to “battered spouse syndrome.”

Conduct Unbecoming an Apostle

  I fear that, conditioned by now to expect harsh treatment from
their critics, the Americans were so relieved to have the
momentary respite of “indaba” that they are now prepared to do
just about anything to avoid provoking another round of battering.

  In my view, far too many of them appear willing to embrace
the Archbishop of Canterbury’s suggestion that unity will require
the provinces to “surrender autonomy.”  And I fully expect many
of them to encourage the next General Convention to endorse the
“covenant process,” continuing to deny that its principal
motivation is to punish and exclude.

  In family systems theory, the term “people-pleasing” describes
behavior in which people do things they do not really believe in,
hoping it will keep the abuser at bay.  In political terms, it is
called “appeasement.”  I call it conduct unbecoming an Apostle.

  It is unbecoming primarily because it is spiritually
impoverished.  It pulls the well-intentioned off center and lures
them into the cesspool of megalomania.  Believing themselves to
be more powerful than they actually are, their actions more
efficacious than they actually are, those who suffer from
megalomania rely on human gestures to accomplish the change
of heart that can only be wrought by God.  

  The antidote, happily, is readily available, but the cure takes a
long time.  In short, the American bishops must come home.  
They must come home to their spiritual centers, and they must
come home to their American sees.

  They must shed the delusion that they are “bishops of the
world” and focus on being bishops to their American flocks, the
flocks through which God called them to the episcopate, the
flocks that populate the parishes, raise the diocesan budgets, and
underwrite their ministries.

  And they must stop apologizing for American arrogance and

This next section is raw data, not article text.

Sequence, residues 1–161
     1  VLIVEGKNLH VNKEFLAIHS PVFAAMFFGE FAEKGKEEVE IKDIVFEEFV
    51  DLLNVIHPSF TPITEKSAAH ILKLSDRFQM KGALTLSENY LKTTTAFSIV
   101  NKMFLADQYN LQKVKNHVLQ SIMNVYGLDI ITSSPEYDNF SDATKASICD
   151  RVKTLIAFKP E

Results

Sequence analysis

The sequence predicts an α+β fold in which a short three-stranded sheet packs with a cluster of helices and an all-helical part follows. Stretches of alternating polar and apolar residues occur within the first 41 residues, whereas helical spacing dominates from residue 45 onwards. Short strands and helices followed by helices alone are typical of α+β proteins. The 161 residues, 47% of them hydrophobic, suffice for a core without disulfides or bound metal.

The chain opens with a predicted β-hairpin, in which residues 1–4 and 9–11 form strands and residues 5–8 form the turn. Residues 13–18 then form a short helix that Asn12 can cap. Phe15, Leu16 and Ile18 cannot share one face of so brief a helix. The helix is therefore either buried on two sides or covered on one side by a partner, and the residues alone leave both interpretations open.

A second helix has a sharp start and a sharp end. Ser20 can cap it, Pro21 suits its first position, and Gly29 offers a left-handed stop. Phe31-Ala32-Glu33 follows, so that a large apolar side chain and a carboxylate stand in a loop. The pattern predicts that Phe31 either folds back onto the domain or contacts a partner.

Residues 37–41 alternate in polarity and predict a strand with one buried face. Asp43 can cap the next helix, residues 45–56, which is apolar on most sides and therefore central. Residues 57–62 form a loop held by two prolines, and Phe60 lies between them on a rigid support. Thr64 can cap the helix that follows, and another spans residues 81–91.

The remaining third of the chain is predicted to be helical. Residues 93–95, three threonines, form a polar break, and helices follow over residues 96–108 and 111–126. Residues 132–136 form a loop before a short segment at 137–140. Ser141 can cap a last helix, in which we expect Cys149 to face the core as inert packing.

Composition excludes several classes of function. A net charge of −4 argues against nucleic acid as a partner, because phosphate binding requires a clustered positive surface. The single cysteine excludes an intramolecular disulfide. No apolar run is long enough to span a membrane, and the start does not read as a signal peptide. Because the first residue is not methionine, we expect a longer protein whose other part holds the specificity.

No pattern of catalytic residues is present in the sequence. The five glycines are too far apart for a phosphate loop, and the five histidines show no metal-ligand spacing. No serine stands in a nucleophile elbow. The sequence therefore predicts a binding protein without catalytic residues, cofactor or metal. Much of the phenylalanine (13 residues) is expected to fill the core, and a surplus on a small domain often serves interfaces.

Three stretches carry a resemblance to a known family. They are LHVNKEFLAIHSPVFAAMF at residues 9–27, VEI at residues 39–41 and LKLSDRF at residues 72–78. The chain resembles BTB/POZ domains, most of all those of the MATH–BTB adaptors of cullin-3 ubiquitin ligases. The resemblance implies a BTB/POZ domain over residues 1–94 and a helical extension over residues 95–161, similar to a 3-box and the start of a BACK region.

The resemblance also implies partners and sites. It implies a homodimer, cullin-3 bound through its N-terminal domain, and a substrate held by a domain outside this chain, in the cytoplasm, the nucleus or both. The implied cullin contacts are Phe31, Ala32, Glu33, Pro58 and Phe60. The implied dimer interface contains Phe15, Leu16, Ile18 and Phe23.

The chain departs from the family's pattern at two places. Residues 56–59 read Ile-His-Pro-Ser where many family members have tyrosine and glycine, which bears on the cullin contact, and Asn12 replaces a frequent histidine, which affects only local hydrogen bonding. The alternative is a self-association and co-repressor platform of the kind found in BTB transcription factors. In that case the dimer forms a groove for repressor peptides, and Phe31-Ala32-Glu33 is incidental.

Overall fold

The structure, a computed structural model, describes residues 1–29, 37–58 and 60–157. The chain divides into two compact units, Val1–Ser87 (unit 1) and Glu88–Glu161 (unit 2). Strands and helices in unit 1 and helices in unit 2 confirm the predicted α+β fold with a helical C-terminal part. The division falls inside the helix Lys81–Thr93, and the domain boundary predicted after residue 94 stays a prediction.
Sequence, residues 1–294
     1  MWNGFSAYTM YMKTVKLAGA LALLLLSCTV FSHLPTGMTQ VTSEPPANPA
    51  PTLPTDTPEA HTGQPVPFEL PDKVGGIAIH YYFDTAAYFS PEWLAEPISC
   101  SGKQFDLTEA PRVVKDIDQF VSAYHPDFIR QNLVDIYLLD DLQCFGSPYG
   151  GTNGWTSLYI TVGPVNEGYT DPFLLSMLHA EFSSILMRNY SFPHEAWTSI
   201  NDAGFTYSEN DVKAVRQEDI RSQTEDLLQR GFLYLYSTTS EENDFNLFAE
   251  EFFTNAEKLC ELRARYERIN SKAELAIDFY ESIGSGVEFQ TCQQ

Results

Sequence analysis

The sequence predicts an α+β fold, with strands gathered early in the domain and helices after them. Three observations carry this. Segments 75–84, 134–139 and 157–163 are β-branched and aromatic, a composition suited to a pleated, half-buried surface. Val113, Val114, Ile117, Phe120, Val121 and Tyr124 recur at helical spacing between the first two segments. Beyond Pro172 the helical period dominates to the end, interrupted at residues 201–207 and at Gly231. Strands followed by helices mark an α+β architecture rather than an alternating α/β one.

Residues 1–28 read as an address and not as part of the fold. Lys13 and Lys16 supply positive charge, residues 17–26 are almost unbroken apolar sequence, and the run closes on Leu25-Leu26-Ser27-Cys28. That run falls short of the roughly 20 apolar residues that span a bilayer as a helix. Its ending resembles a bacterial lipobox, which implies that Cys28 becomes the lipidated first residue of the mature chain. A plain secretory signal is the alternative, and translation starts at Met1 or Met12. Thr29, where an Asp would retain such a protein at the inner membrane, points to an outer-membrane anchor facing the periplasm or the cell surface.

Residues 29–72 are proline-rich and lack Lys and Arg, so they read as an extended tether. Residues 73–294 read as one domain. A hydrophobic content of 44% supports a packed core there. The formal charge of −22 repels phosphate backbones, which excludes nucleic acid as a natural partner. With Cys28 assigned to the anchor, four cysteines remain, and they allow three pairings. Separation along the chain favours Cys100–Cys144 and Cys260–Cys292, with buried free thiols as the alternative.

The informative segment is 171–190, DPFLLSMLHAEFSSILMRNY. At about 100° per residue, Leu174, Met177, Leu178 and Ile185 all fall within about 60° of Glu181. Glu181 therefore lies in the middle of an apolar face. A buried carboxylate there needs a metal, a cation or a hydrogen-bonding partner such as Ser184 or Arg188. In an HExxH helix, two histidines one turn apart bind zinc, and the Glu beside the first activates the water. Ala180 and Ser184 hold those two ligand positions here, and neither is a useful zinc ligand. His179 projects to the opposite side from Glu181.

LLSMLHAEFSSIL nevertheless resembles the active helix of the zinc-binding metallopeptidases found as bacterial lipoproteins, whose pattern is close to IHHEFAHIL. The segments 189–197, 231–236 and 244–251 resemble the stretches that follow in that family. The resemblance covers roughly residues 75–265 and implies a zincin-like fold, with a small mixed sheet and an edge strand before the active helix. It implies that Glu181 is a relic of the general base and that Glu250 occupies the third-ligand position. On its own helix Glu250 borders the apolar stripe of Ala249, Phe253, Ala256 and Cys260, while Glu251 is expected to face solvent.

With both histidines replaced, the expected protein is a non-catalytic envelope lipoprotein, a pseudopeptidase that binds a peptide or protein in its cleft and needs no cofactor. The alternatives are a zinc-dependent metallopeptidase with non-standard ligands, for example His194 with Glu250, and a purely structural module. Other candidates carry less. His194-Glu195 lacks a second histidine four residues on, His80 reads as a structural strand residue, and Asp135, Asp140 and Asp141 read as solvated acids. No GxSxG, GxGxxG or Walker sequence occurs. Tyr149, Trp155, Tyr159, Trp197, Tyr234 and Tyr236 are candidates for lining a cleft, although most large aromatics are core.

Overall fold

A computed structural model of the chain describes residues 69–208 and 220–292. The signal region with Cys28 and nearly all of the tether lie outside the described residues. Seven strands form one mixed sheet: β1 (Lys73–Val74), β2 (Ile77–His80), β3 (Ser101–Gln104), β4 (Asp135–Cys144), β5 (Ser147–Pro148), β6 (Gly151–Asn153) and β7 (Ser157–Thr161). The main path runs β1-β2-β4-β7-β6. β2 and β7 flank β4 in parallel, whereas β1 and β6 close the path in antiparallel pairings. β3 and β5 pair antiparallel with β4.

lift up the American heritage of religious freedom for the blessing
that it is.

Freedom as God's Gift

  For more than two centuries, the U.S. Constitution has
guaranteed religious groups the right to worship as they see fit,
to define and interpret their beliefs according to their own
criteria, and to choose their lay and ordained leadership without
interference from the government, private citizens, or other
religious groups.  These rights—now internationally recognized—
should be affirmed as gifts from God and not denigrated as
manifestations of American unilateralism.

  These same rights are fragile or non-existent in many parts of
the Anglican Communion.  Indeed, a number of bishops have
claimed that they face retaliation from hostile governments or
other religious groups in their countries based on their
participation in the Anglican Communion.  For more than two
centuries, the Episcopal Church has been free of these kinds of
problems.

  In the “rush to covenant” and to please their (mostly) brother
bishops, will American Episcopalians now import these problems
into American religious life by conceding authority over
ordination decisions to persons not bound by the constitution and
canons of the Episcopal Church and not schooled in the
constitutional traditions of religious freedom?

  And what of people like me?  I was 29 years old at my first
General Convention.  When Lambeth meets again, I will be 68.  
Will Anglicans be any more ready to honor Our Lord’s command
to love one another as he has loved us?

Fortunately, my hope and my help are in the Name of the Lord,
not the Anglican Communion.
In the final draft text of the proposed Anglican Communion
Covenant, even the Church of England “by law established”
could be “suspended” if a Standing Committee of the Anglican
Consultative Council and the Primates’ Meeting deems a
particular action “incompatible” with the covenant.

While devoting the bulk of its text to affirmations of diversity,
plurality, and provincial autonomy, the final text of the proposed
covenant still creates a disciplinary mechanism that will give an
elite group unprecedented power to sanction, discipline, and
exclude member churches for taking actions (or making
prophetic witness) deemed “controversial” by people who object
to such actions or witness.

Section 4.2.5 allows the Standing Committee to request a church
to defer a controversial action or face “relational consequences.”  
The Standing Committee can deem an action “controversial”
regardless of how much support it has in the “offending”
church, even if failing to take the action would violate local
canon or civil law.

No provision is made for determining whether the views of
primates, councilors, and standing committee members
accurately represent the
consensus fidelium in their own
provinces, which range in size from 12,000 to 25,000,000
baptized.  Read the complete draft text
here.
Final Draft of Covenant
Text Still a 'Power Grab'